Rounds 7-10: Neil Walker, Wei-Yin Chen, Norichika Aoki, Vance Worley
I was looking for OF #2 and not liking the options I saw in round 7. Still on the board was Walker, who due to anonymity of Pittsburgh, survived til round 7 and is capable of putting up 100 points more across the season than the average outfielder on the board at that point. I was already set at 2B (with both Utley and Zobrist there), but Walker can DH and serve as a hedge against the injury-prone Utley. I feel somewhat validated in this strategy because I got Aoki as my second OF (a top 30 fantasy outfielder in our format) 2 rounds later when similar players were going in this round.
Chen and Worley rounded out my starting rotation. I'm not a huge Chen fan but he fell farther than he should and will get some wins on a good Baltimore team in a weakened AL East. Worley is a big question mark coming off injuries and poor performance, but still the kind of guy I could take flier on as my sixth best pitcher.
Rounds 11-15: Ben Revere, Jim Johnson, Sean Marcum, Jeff Keppinger, Mark Teixeira
3rd outfielders are a dime a dozen and I almost always end up finding a waiver wire guy who outperforms both
my #2 and #3 outfielders, but you need to start 3 and Revere's improving OBP and speed make him an attractive choice.
I always wait until about this point to take a closer because there are so many options out there, and indeed Jim Johnson projects similarly to guys who went 5+ rounds earlier (and will undoubtedly be outperformed by 5-8 guys who aren't on anyone's radar right now). Marcum is another injury case/ potential upside pitcher who could provide help or trade fodder when he comes off the DL, and Keppinger's multi-position eligibility makes him an attractive backup infielder.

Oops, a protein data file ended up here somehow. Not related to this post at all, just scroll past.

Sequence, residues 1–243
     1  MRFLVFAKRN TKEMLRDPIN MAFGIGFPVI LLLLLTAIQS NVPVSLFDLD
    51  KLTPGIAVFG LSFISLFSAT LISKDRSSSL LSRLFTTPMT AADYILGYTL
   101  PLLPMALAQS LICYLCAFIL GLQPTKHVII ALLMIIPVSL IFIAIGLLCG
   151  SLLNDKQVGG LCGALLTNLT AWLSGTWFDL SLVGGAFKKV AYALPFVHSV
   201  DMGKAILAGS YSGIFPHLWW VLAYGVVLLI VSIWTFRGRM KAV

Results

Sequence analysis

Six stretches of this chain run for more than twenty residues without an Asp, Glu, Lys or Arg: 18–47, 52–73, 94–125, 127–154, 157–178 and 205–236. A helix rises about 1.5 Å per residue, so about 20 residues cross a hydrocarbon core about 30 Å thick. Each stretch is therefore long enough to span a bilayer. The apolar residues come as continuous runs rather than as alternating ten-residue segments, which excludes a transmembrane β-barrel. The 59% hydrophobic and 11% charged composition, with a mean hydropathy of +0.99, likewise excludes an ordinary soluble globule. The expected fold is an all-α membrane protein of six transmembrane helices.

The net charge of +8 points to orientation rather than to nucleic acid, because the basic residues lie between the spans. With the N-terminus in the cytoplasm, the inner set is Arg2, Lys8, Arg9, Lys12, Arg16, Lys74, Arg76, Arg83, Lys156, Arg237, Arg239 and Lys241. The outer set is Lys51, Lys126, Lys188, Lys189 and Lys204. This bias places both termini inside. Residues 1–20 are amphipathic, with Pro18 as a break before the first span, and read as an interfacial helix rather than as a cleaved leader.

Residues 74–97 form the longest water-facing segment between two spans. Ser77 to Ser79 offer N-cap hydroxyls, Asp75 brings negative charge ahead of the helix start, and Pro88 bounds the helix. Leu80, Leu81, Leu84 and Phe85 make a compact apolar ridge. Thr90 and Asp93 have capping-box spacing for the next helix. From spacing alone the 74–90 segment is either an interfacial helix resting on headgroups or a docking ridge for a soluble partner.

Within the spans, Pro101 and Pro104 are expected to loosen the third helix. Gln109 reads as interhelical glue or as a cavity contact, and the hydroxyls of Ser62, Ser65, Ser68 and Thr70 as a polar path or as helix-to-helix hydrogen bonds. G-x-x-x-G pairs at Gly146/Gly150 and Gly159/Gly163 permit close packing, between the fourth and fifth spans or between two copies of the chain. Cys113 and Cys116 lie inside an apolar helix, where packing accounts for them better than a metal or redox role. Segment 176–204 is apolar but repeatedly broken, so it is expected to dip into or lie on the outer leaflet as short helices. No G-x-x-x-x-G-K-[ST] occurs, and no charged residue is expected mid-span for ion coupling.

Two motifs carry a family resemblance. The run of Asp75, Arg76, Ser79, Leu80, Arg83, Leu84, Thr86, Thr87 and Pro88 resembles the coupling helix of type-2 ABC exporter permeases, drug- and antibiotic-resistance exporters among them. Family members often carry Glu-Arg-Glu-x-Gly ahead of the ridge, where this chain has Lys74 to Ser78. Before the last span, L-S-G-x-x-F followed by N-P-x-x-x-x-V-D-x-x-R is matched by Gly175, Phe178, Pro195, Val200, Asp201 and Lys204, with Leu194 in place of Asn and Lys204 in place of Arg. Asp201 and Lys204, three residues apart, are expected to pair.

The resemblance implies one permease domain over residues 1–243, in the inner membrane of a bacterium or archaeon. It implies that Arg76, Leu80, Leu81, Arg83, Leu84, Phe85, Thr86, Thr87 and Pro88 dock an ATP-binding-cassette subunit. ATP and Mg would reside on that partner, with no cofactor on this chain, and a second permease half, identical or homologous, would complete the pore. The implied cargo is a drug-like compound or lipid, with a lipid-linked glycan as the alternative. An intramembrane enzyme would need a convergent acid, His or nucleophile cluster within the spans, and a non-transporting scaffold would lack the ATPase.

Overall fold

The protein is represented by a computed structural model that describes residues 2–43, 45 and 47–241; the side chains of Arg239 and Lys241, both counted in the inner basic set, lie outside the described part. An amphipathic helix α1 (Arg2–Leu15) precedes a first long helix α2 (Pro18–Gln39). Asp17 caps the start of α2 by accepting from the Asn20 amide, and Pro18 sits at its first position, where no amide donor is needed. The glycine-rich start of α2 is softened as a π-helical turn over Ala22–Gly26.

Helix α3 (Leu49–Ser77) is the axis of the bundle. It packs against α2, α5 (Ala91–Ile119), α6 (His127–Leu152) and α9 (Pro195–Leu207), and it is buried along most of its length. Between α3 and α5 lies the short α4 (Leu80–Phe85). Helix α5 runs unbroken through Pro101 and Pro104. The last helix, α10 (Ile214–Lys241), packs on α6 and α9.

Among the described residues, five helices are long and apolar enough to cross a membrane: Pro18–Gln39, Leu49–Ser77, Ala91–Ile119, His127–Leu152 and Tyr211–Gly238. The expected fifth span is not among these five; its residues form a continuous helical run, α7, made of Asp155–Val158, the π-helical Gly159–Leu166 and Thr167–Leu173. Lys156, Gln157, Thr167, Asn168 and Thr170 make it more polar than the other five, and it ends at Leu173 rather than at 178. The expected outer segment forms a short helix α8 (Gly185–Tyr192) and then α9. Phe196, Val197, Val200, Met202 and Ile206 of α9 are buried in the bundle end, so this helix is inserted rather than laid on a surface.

Even though it's a gamble, I consider Teixeira the steal of the draft in round 15 if he returns and produces anything like his career averages for even just the second half of the season. I'd rather take the flier than draft a waiver wire guy or unproven prospect and walk away with no tears if he ends up missing the season.
Rounds 16-20: JP Arencibia, Phillip Humber, Jason Vargas, Jake Westbrook, Tevor Rosenthal
Once a backup catcher is secured, the late rounds are all about drafting pitching depth. I like to draft undervalued guys with upside potential, rather than unproven rookie talent. Humber has shown that he can perform at a high level and a change of scenery might help him find the consistency he's lacked. The move to Anaheim (with it's big dimensions and good team) could also breathe new life into Vargas. Westbrook isn't the sexiest pick, but you know what you're getting and Rosenthal is both a good hedge on him and a guy with breakout potential if he gets a shot at the St. Louis rotation or is traded.
In a league that rewards pitching heavily, a rotation of Sabathia, Kennedy, Hughes, Fister and Chen is definitely in the top third of the league. I'm also strong at traditionally weak positions like MI, 3B and C. I'd prefer to have a little more power in my lineup at 1B and OF, but have the ability to perform near league average across those positions. The flexibility with so many multi-position guys and SP depth also gives me some nice insurance to deal with injuries and lay the groundwork for future deals. There are a couple of teams whose rosters I'd prefer to have... but not many.
Overall grade: B+